I've been reading all sorts of books about Ireland recently, some of them superb, some of them dreadful.
Claire Kilroy's The Devil I Know falls solidly into the superb category.
This is a book that entertains and delights on multiple levels.
Straightforwardly, it is a tale of a financiers and real-estate developers in Ireland during the great real estate speculation that preceded the credit crash of 2008. Together, Tristram St. Lawrence and Desmond Hickey purchase land for redevelopment:
He drove in the direction of the castle but pulled in at the old cement factory, which was located a few hundred yards shy of my gateposts and on the other side of the road. Only in Ireland would the acreage flanking a white sand beach be zoned for industrial use.
'this is me next project. I'm developing it for residential an commercial use.' He pointed out through the passenger window. 'There'll be an apartment block here,' we rolled along, 'an another here, an two over there. Eight blocks in total, ranging in height from three to eight storeys. We're looking at the guts of 400 residential units, with about 12,000 square metres of office an commercial space at ground level, to include a hotel.'
The tale of the chaos, ecstasy, and frenzy of those days is marvelously handled. Kilroy's light touch spirits us along through the absurdity of it all:
'You can't build an apartment complex in Ireland without a hotel.'
'Don't be ridiculous. Of course you can.'
'Ah see,' he said, 'you can an you can't. No investor will touch you unless you qualify for Section 23-type reliefs.'
'Tax write-offs. So we have to build either a hotel or a multi-storey car park or a hospital or a student residence. None a which are needed, but the way I see it, if you build a hotel, then at least you have a bar.'
At a slightly deeper level, The Devil I Know is about the power of greed and the tenacity of addiction. Tristram is an alcoholic, struggling with his addiction:
Engine rise, engine fall, engine rise, engine fall as Hickey turned memories over in his head. He swilled back another snifter and smiled at some recollection. Ahhhhh. He had entered the first stage of inebriation, which is perfect, just perfect: it is heaven. That mellow, impeccable stage when nothing can harm you. The log fire is crackling away on the inside and you are safe in your warm little snug. I'd have given my right arm to feel that way again. But I couldn't give my life.But now Tristram is struggling with a new addiction as well.
My name, the zeros, my name, the zeros -- my eyes cranked up their shuttling. Money disrupts the cognitive process. It gums electrodes to your skull and scrambles your brain. That document was a test, I see now, of my character. A test I failed. Tristram St Lawrence I wrote at the bottom of the page. Everyone has a price.
As it turns out, as Kilroy observes, as Tristram sees as he enters this new phase of his life, he's not the only one struggling with this new addiction. The entire world, it seems, is on the verge of succumbing:
I looked at him. He believed it. All of them around the boardroom table had believed it too. They believed that the land had changed, and that they, the Golden Circle, were the agents of this change, that somehow, by linking hands around a table, or through the appliance of their balls, they had managed to perform alchemy upon Irish soil. Hickey grinned as he contemplated the open road stretching before us. Every light ahead had turned to green.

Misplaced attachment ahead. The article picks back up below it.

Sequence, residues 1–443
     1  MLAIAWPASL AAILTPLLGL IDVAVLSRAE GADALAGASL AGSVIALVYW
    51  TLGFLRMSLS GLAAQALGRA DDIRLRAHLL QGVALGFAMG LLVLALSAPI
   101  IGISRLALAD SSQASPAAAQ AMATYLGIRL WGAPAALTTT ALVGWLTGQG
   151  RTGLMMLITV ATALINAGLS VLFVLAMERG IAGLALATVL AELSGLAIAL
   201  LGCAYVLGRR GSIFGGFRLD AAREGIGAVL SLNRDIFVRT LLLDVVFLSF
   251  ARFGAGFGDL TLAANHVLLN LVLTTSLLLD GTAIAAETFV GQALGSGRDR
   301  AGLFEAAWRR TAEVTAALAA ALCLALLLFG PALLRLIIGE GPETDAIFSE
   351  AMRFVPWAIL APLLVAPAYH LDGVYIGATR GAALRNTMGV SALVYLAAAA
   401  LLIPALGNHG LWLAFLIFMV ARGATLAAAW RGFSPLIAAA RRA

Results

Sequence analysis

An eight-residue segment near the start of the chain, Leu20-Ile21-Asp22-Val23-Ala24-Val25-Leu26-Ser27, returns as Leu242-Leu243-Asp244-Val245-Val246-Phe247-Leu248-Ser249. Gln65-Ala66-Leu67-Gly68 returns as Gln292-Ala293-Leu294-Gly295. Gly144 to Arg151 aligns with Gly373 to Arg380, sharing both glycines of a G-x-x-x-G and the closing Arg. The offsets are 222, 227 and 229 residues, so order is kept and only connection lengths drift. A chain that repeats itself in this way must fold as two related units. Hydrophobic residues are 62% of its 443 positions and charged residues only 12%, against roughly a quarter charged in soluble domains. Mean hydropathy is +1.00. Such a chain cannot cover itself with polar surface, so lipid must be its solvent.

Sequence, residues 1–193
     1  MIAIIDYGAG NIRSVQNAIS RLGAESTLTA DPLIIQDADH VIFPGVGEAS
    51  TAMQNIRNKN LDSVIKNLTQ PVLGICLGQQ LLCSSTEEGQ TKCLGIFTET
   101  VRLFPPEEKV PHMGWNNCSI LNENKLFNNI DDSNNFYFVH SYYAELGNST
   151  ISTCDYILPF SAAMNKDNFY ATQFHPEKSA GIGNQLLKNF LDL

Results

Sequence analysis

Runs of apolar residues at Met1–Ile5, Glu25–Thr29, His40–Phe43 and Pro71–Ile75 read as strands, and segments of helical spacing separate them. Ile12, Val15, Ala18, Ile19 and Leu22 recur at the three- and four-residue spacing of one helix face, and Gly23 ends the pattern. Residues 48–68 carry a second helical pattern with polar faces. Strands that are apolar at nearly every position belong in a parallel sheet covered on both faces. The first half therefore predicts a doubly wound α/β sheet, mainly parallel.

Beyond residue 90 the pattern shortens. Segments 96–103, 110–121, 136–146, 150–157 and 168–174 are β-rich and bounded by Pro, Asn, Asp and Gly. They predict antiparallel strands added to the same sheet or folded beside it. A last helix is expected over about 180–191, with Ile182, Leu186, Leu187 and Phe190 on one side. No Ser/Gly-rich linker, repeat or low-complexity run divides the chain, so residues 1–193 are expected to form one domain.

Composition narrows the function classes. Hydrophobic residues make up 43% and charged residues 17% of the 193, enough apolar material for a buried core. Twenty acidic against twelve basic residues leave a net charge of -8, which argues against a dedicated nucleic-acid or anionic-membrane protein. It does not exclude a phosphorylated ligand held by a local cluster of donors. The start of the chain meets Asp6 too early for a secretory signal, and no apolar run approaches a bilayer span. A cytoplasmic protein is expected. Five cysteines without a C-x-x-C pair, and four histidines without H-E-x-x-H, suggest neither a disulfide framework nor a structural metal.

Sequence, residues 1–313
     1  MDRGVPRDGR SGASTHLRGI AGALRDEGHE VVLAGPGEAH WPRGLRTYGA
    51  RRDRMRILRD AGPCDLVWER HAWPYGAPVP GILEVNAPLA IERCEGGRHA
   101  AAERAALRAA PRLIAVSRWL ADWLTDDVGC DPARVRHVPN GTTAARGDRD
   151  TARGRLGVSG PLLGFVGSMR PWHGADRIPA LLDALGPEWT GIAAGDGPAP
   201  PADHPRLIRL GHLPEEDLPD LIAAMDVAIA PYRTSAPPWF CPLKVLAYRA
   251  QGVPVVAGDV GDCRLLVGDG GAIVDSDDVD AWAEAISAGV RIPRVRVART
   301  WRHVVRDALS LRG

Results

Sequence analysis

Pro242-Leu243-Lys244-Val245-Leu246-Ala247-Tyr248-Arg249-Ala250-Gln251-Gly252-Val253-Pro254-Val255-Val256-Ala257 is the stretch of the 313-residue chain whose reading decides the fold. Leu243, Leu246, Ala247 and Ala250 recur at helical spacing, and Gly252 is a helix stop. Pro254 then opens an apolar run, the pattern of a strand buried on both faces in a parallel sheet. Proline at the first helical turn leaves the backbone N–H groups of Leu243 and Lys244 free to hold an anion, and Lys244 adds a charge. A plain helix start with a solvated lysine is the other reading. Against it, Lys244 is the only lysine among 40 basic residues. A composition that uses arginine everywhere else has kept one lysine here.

At yet a deeper level, something more mystical and meaningful is going on. This story is populated by angels and demons, by the living but also by the dead, by visions, by puzzles, by riddles. There are exultations of the highest joy, and there are nightmares of the deepest horror. What is real, what is fantasy?
To some extent, Kilroy is playing and dancing and spinning a tale, but at another level I think she is drawing a parallel, a metaphor. Real estate speculation requires a certain suspension of disbelief: you have to see a house where there isn't one; you have to see a family where only dirt exists; you have to see an alternate future instead of an old cement factory. This listening to the voices and visions in your head might be delusional and insane, but on the other hand it might be the creative process at work. Where is the line?
In the end, I think Kilroy sees herself as an observer, a journalist, a recorder of a strange time, a bizarre occurrence that came and went, and perhaps we will never come to understand it.
The historian squinted at the setting sun. I was stricken by an overwhelming sense of things coming to an end, of the torch being passed on, or not passed on, just extinguished. 'It's getting late,' he told me, barely telling me at all. 'It is time to leave the garden.'
I found myself at a loss and looked around frantically. Quite what I was searching for, exactly, I still do not know, and I possibly never will know, but I felt certain that I was forgetting something, that I was leaving some critical belonging behind, some vital possession without which everything, everything, everything would go awry. I appealed to the historian. 'Now, you mean?' I asked him, panic surging up my through. Doom, doom went my heart. 'Do you mean we're leaving now?'
'Yes, now, I'm afraid.'
I was afraid too. Afraid and unprepared. I glanced up. The sky was rapidly dimming.
He guided me to the exit -- or was it the entrance, and if so, the entrance to what? -- and he extended a crooked hand when we reached the crooked stile.
I, too, don't know what this is the entrance to, but I'm entranced to let Kilroy guide me there.
Kilroy is a wonderfully fluid, gifted, and skilled writer. Her writing is trememdously literate, weaving in references to Joyce, Faust, Shakespeare, the Bible and so much more. But her story is never ponderous and sluggish. The book was a joy to read.
If you're looking for a fun summer read, put Claire Kilroy's The Devil I Know on your list.